Overcast 3 review: iOS podcast app adds a queue and perks up its interface

The latest revision of this popular podcast app shaves off remaining rough edges and adds missing features.

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At a Glance

The new Overcast 3 (free on the iTunes Store) podcast app for iOS provides a crisp overhaul to many of the weakest interface elements and interactions of version 2.5, while preserving its core strength of user-customized playlists.

Because so much remains the same, you should read our complete Overcast 2.5 review for the fundamentals. The app’s improvements and significant changes are called out in this review. Fortunately, nothing has gotten worse.

Here’s what Overcast 3 does better or differently than version 2.5.

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Overcast 3 offers an on-the-fly queue option.

Queuing. One of the biggest gaps between Overcast and its non-Apple competitors was the lack of an on-the-fly way to add podcasts to a queue. Version 3 creates a special kind of static playlist, the Main Queue, to which episodes can be added in any view in which you can see individual episodes. This isn’t as flexible or robust as Castro’s approach, but it fits in neatly with Overcast’s focus on playlist-based subscription and episode management.

Wonky pop-ups, pop-overs, and sliders. Version 3 eliminates a number of different interface modalities for letting you interact with elements of the app by using a card view in most cases. This makes it easier to manipulate controls or simply find them in the first place, and scrapes away most of the app’s minimal routine frustrations that remained. For example, the Now Playing view is a card that shows the playback by default as the center of three cards: swipe right to get playback controls and swipe left to see show notes, which contain clickable links.

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The info button no longer leads to unwanted playback.

Tiny i button fixed. This was a tweaky complaint of mine, but I wasn’t alone. A tiny i info-button target was used for episode interaction in all playlist views. It was easy to miss the target, which would then start an episode playback with no way to easy resume the podcast you had been listening to. That’s gone. The playlist view now has a “hamburger” re-order button so you can drag episodes. Tapping the episode reveals controls, such as sharing, favorite, play, and add to queue. A larger i target on that view then properly brings up show notes. If you didn’t use Overcast prior to version 3, it’s difficult to express how much this improves the interface.

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Recommendations for podcast to which to listen in Overcast 3 remains strong, but adding multiples is now possible.

Adding multiple podcast subscriptions. Another minor but ongoing irritation was the podcast directory. You could spend a while searching and find multiple podcast to which you wanted to subscribe, and then after adding one the directory dismissed itself, and you had to perform the same searches and navigation to get back to the same place. That’s been fixed. Adding a podcast leaves the view available and in the same location.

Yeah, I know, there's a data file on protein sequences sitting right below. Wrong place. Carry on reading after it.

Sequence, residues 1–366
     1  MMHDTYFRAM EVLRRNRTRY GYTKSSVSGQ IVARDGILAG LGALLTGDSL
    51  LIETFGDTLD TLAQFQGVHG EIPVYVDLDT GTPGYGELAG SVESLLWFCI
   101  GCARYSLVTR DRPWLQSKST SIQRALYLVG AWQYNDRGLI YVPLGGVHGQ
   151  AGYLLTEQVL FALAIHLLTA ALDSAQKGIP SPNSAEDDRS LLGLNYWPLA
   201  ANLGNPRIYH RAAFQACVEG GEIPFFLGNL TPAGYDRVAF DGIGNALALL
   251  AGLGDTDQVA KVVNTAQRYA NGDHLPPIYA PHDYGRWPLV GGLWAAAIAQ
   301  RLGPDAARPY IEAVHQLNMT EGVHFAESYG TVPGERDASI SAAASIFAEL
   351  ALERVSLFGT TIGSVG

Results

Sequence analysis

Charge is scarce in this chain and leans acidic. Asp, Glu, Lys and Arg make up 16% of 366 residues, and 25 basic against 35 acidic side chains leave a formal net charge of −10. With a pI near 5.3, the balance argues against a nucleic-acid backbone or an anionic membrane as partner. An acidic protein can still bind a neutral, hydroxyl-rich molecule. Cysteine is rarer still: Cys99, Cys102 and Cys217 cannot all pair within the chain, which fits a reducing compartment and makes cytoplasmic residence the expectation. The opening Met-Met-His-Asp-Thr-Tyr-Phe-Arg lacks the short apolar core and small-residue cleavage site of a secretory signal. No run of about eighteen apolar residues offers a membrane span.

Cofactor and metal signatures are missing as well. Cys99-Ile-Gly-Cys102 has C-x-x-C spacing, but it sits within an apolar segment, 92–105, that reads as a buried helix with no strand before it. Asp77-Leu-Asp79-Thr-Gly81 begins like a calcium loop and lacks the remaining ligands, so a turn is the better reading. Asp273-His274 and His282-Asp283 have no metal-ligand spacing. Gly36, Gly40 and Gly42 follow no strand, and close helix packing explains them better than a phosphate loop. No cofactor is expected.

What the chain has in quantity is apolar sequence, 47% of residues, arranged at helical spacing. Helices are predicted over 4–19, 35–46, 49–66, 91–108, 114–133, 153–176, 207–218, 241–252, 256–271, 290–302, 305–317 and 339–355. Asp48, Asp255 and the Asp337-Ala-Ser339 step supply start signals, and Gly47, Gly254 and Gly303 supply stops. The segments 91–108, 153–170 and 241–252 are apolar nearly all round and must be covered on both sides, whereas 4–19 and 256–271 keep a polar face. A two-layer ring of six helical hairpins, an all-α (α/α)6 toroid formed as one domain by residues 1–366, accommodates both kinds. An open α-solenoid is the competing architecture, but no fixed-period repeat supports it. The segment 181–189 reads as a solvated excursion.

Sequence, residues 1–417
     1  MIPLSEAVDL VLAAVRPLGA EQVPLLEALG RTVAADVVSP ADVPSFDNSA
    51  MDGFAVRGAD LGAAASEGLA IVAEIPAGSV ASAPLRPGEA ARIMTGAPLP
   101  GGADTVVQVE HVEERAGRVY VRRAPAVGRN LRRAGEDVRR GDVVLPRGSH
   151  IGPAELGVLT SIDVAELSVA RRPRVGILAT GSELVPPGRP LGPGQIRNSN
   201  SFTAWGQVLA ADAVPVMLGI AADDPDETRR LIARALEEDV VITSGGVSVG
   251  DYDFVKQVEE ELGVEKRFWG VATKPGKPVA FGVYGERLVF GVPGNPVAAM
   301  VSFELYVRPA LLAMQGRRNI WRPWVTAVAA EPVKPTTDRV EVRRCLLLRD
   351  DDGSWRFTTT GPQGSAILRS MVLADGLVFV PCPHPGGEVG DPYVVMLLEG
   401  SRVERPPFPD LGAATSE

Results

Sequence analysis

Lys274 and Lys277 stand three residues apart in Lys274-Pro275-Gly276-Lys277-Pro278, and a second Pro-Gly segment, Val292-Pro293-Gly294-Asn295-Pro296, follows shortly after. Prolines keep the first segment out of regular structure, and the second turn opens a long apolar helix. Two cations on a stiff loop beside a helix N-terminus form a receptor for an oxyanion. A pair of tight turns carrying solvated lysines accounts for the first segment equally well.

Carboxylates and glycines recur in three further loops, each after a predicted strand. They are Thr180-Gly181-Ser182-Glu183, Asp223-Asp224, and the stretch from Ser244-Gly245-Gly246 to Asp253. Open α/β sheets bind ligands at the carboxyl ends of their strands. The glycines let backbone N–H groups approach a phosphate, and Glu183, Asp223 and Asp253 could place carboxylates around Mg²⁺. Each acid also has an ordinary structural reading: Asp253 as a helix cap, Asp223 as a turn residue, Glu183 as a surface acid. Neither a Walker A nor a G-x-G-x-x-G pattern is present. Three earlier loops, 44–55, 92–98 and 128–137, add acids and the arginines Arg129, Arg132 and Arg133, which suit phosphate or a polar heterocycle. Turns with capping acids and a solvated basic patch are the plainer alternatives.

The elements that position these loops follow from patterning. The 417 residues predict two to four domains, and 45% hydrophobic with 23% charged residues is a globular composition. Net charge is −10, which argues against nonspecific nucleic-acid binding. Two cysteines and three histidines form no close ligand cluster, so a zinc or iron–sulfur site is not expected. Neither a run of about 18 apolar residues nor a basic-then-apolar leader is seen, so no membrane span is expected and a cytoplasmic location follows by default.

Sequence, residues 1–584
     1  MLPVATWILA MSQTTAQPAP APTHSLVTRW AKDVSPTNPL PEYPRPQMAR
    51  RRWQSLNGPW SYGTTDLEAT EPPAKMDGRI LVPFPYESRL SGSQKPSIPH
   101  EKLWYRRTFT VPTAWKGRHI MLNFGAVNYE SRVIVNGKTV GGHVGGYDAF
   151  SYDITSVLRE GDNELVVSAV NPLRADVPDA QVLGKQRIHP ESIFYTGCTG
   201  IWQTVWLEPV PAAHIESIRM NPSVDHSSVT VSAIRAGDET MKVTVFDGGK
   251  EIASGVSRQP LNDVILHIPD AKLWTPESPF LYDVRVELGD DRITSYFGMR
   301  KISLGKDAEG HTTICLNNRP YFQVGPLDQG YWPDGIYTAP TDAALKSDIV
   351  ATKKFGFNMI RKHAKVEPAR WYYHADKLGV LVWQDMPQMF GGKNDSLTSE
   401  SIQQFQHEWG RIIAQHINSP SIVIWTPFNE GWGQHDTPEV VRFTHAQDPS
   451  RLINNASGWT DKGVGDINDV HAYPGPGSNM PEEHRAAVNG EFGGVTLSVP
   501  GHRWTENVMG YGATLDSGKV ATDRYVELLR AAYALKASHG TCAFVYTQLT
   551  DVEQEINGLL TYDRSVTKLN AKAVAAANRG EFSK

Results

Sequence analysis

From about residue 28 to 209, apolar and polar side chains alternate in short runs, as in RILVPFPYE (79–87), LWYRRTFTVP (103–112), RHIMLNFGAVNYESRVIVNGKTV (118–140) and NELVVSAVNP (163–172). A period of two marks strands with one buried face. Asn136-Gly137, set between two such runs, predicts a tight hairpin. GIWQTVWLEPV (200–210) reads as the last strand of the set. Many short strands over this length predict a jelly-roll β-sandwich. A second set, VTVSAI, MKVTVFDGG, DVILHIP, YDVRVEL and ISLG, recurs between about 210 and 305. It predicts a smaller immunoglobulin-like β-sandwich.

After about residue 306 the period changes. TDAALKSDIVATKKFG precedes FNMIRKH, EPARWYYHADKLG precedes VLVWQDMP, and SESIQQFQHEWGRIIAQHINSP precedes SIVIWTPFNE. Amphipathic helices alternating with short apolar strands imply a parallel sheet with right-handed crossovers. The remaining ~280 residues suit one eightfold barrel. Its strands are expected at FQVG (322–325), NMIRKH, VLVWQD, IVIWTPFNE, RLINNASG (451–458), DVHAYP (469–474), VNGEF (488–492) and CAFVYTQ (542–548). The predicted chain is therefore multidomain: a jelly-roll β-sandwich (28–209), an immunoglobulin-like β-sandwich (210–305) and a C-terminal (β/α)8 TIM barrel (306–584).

A change in patronage support. Developer Marco Arment has worked through multiple approaches for ongoing revenue from the app, and is now in his fourth iteration. He started with a freemium design, in which the basic app was limited, and an in-app purchase unlocked the full app. This shifted to voluntary patronage, which included a few extra features. That didn’t pan out quite as well, so he moved to free with ads from an ad network coupled with Overcast Premium, a $9.99-a-year patronage level that removed ads and added non-podcast feed file uploads.

In version 3, he’s shifted to selling his own ads and removing third-party ad network code and analytics, so he’s in full control of information about user-targeting data that leaves the app. (Which, according to the privacy page, is none.)

[ Further reading: Here’s a review roundup of iOS podcast apps that includes Overcast 3, Castro 2.3 and Pocket Casts 6.5 ]

Bottom line

Overcast 3 is the final icing on a cake that’s been perfected over three years. All of the tiny flaws coupled with the inability to create a simple queue have been reworked. Improvements at this point are only about massaging the app rather than achieving a new apotheosis.

The only issue with Overcast that might prevent someone adopting is at their app of choice is whether its playlist approach matches the way in which they consume podcasts. If you routinely listen to most podcasts to which you subscribe and episodes you add manually, or create custom lists to shift among as you commute, travel, or workout, Overcast is the best app for your needs.

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At a Glance
  • Pros

    • Clean design across all iOS devices
    • Queue feature adds simple episode triage
    • Smart playlists allow robust organization
    • Can trim silences from spoken word podcasts


    • Queue feature requires too many steps for streamlined triage
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